Telluride Daily Planet, Sunday, August 18, 2013
People have their superheros. Their muses and icons and gurus and gods, those they look up to and wish they were more like. They have their Merlins and Morgaines and Wonder Womans and Joseph Campbells, their Yoganandas and Baghwans, their personal trainers and life coaches, their grandmas and great aunts, the ones who have given them the goods on life. They have their peeps, their teddy bears. Their talismans. Their pacifiers. They have them in order to get up in the morning, to get through the day, or the dark, or a rough patch.
Me? I have Rancherman, my personal muse and superhero. I believe I mentioned him last time — but only in passing. Now, I can elaborate.
Rancherman, though a legitimate superhero, strays from the profile. He doesn’t really have it in him to go big; why would he? With Rancherman, there is no dark backstory or cape or secret identity — mainly because of his ranching background. His mother lived to be 97. His father grew up on a horse.
Because of these simple and humble roots, the work of Rancherman is quotidian, expressing itself on a sort of toast-and-coffee level. His moral ethic and mission is inserted gently into an ordinary day, like a slender bookmark on page 229 of The Poetry of Robert Frost. The work he does is basic and foundational — without newspaper coverage or fanfare or potential movie rights.
For instance: say it’s a rainy day in August and the first cool twinges of fall are crimping one’s heart a bit. Ow. You clutch, feeling something indescribably melancholy. The clouds, getting darker and darker and rolling in from who knows where, are an intense, heavy-stomached, stormy, sea-sky blue sort of deep gray meant to overwhelm one. You feel yourself slipping into that faraway land of vague, boat-bobbing longing.
While a part of you is busy wondering what that color really should be named, and also how a color can be so connected to one’s heart, the rest of you just simply wants to wallow. There is no doubt: as the rain comes crashing down amid lightning and thunder, you want to wallow, to wrap yourself in wool and stare out a window, a window whose transparent face has sweet tears of rain streaming down it. You want to listen to Rachmaninoff and think about the high drama of more important people’s lives. About far off places where the stakes are high.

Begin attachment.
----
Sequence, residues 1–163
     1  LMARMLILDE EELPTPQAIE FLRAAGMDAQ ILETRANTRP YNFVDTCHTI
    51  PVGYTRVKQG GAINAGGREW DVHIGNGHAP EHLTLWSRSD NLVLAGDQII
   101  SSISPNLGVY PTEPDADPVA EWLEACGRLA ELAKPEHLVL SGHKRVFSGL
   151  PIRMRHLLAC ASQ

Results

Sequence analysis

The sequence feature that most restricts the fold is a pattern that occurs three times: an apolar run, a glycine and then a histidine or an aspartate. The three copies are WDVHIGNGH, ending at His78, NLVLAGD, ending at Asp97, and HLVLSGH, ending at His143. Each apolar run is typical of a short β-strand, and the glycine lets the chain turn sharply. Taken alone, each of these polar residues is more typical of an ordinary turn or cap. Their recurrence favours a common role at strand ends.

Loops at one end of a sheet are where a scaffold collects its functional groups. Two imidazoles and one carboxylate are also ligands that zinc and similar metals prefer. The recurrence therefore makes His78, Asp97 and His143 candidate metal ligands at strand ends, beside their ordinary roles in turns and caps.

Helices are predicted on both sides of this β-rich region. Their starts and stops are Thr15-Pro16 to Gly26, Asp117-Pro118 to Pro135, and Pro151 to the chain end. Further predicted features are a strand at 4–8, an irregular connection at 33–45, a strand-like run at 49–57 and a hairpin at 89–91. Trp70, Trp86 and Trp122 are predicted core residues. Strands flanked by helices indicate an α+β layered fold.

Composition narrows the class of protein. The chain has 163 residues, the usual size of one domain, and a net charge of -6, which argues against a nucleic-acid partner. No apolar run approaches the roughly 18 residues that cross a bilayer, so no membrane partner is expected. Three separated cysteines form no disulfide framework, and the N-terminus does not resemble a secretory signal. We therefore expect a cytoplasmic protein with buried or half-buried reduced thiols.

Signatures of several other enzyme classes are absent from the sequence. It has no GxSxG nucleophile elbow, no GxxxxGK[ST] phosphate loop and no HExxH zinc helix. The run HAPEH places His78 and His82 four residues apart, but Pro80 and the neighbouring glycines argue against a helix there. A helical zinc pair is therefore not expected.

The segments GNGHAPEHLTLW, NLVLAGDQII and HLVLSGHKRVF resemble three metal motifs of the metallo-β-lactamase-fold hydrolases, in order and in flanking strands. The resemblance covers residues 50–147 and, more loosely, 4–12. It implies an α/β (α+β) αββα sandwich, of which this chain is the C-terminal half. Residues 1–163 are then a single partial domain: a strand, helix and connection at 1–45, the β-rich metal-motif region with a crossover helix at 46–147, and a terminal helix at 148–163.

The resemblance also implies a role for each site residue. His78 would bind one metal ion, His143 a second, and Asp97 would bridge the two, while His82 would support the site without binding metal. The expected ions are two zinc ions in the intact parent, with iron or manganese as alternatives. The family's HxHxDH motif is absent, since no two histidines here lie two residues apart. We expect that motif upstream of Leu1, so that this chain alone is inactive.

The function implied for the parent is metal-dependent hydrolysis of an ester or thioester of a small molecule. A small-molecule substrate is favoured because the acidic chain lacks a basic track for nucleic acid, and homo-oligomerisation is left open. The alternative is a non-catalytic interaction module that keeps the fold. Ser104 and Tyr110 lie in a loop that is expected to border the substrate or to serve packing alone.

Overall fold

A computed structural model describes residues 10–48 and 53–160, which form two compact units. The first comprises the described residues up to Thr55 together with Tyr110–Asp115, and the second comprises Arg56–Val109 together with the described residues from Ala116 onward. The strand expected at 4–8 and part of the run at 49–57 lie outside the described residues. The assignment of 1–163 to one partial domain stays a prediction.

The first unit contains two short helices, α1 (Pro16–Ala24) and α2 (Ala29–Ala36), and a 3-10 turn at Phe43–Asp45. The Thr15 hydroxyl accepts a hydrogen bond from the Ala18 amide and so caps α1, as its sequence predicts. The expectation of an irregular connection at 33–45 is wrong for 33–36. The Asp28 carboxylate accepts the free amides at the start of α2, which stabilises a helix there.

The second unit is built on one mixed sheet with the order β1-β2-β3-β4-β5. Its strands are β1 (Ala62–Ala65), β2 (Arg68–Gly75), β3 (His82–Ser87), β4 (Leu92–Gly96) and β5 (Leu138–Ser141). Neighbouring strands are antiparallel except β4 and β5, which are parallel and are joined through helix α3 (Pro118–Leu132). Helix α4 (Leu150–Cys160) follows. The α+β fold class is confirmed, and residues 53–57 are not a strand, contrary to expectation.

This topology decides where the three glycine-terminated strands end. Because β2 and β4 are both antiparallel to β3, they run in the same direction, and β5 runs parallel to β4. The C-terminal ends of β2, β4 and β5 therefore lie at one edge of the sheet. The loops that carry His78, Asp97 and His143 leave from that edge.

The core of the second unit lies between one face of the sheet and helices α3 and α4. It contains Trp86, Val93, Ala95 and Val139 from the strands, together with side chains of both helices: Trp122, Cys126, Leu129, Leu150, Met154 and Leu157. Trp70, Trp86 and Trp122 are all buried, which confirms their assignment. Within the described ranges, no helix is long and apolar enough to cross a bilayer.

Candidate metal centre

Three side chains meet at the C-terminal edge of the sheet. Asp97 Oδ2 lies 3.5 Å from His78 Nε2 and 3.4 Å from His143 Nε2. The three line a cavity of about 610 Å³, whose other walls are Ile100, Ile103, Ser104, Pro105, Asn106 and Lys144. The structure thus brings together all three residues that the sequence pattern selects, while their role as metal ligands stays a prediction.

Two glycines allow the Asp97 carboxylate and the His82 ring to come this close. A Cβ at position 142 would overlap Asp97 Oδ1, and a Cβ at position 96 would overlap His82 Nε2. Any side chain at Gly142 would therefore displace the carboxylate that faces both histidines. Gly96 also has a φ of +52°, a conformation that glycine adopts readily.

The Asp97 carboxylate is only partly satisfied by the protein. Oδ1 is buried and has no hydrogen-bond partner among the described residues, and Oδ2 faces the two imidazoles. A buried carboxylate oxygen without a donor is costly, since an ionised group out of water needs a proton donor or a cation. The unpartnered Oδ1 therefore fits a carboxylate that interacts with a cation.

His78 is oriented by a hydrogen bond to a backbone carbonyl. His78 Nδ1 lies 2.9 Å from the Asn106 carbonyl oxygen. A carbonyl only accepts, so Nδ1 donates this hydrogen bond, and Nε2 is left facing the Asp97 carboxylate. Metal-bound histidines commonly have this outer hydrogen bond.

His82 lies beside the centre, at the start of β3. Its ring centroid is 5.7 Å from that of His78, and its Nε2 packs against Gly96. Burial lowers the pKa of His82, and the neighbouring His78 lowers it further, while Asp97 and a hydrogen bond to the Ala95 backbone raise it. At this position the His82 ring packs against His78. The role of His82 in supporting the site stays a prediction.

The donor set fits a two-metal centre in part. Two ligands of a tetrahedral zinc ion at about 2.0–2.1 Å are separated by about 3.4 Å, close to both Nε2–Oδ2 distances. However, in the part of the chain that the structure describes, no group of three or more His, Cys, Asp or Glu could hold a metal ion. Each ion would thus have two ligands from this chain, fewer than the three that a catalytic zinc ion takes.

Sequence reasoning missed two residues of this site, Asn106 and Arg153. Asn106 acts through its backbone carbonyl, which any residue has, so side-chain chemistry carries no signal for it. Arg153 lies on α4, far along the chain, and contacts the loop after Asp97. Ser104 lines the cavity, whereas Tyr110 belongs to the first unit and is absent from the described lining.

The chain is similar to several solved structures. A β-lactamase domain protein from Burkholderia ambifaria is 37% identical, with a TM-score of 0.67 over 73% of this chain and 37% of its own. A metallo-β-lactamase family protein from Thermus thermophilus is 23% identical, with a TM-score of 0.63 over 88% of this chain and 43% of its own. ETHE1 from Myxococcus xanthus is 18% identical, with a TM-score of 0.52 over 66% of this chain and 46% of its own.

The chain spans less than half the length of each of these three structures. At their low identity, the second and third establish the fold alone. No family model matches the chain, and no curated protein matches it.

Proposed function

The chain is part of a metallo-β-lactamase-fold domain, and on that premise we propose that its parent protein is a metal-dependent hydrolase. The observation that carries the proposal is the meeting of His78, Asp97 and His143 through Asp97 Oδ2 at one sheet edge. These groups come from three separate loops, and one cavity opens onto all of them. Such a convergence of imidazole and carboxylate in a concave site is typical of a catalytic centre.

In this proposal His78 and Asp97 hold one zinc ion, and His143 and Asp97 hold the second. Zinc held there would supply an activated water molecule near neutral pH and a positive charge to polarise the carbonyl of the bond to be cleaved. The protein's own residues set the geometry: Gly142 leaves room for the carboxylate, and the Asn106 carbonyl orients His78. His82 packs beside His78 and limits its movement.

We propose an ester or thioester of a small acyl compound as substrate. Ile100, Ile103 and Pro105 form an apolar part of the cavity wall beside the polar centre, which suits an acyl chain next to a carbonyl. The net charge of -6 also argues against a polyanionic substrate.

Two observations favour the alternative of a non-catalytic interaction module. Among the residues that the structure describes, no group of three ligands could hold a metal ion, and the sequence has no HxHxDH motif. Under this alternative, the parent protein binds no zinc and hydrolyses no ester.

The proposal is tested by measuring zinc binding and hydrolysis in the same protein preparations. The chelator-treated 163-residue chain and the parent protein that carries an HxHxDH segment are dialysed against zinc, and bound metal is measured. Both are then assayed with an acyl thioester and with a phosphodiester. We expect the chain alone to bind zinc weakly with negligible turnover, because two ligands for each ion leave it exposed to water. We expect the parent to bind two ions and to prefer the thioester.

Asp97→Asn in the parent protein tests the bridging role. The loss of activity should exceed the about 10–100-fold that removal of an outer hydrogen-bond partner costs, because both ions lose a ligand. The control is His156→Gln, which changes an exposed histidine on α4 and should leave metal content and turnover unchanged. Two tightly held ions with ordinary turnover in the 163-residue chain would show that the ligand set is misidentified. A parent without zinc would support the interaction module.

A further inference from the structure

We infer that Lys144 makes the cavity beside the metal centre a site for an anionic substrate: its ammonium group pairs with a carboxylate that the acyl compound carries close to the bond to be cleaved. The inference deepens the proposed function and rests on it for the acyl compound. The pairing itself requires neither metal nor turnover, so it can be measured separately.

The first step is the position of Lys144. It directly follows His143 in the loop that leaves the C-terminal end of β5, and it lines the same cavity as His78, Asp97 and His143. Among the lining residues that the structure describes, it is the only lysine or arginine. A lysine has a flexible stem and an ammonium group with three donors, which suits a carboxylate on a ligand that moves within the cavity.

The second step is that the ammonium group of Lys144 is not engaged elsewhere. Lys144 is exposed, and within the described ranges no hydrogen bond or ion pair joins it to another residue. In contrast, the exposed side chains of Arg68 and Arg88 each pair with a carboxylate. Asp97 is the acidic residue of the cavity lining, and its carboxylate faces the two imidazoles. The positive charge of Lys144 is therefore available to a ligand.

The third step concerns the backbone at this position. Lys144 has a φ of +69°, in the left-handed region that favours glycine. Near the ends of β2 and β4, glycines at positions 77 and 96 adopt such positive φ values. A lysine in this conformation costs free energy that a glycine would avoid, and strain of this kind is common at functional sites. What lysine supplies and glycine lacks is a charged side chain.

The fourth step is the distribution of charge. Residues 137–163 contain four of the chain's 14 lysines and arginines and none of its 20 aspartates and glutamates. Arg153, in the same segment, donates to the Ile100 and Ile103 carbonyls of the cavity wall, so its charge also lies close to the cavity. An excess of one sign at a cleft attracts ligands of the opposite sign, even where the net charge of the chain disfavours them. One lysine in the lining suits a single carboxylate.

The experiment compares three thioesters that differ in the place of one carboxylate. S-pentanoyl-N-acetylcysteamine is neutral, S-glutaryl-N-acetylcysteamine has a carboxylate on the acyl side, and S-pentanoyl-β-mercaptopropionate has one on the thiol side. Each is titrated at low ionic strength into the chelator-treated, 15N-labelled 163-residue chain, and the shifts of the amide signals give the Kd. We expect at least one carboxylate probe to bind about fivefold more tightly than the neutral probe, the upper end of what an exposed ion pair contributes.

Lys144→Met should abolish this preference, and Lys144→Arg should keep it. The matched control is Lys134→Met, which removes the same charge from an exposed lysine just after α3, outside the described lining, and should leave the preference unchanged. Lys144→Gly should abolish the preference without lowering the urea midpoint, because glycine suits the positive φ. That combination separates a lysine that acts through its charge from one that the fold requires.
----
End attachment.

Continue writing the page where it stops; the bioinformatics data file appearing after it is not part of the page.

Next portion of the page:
This is right about the time Rancherman should be hailed, just before getting trapped in that parallel universe of greener grass just on the other side of the fence. This is when you call upon him, saying W.W.R.D. What Would Rancherman Do?
Well, Rancherman doesn’t know how to wallow in anything. It’s never been a possibility for him, and neither have a lot of other confusing emotions. Rancherman arrives on the wings of common sense, wearing faded jeans and an ironed shirt, usually something in blue, possibly checkered. He carries a handkerchief in his pocket. His hands are calloused but his heart is soft, superhumanly soft perhaps. He comes in humming a tune — without a hint of fight-or-flight response in his body. This, come to think of it, is also superhuman.
Rancherman doesn’t see bittersweet gloom in the August sky and doesn’t get all sad, either. He looks out at his cattle, his horses, as the rains pelt them, and takes a moment to pause. Yes, that he will do. For the thousandth time, he wonders what the animals think about as the water comes down. If they notice the rain in their eyes like he might. Then before thinking too much more, he puts on his boots and goes out to check on things.
This is the essence of Rancherman. This, I suppose, is his real secret weapon, his true superhuman trait, this constant checking. Checking on his cattle, on his horses, his ditch. Then checking on his closest neighbor whose truck hasn’t been starting lately. Checking on her trees, the ones in dire need of pruning.
While he checks on things, Rancherman remains quietly optimistic for good outcomes. He is careful and spare with words. He keeps his feet dry and his collar up, but doesn’t hunch over as he walks. He’s my man. Solid. Steadfast. Present. He sleeps well.
And he’s the one I call upon when the skies get dark. Rancherman. Then when his voice comes, it’s soft and gentle, almost sensuous. “Easy girl,” he says, taking off his leather gloves. “Don’t get all balled up. Pay attention to right now, the way the light’s coming in. See it? And then keep checking on things. Always keep checking.”